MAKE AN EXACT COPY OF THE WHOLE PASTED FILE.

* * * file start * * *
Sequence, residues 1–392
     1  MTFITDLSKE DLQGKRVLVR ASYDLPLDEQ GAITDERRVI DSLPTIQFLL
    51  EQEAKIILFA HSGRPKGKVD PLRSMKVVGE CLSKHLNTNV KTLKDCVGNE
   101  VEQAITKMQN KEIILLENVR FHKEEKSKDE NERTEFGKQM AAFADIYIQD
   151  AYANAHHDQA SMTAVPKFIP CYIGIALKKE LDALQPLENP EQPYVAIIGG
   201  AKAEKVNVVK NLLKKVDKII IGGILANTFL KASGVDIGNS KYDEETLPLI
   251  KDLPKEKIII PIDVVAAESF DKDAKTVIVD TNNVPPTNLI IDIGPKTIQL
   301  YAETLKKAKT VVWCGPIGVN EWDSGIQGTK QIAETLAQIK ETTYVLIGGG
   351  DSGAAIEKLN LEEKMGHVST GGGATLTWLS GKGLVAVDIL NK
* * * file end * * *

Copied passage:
Sequence, residues 1–392
     1  MTFITDLSKE DLQGKRVLVR ASYDLPLDEQ GAITDERRVI DSLPTIQFLL
    51  EQEAKIILFA HSGRPKGKVD PLRSMKVVGE CLSKHLNTNV KTLKDCVGNE
   101  VEQAITKMQN KEIILLENVR FHKEEKSKDE NERTEFGKQM AAFADIYIQD
   151  AYANAHHDQA SMTAVPKFIP CYIGIALKKE LDALQPLENP EQPYVAIIGG
   201  AKAEKVNVVK NLLKKVDKII IGGILANTFL KASGVDIGNS KYDEETLPLI
   251  KDLPKEKIII PIDVVAAESF DKDAKTVIVD TNNVPPTNLI IDIGPKTIQL
   301  YAETLKKAKT VVWCGPIGVN EWDSGIQGTK QIAETLAQIK ETTYVLIGGG
   351  DSGAAIEKLN LEEKMGHVST GGGATLTWLS GKGLVAVDIL NK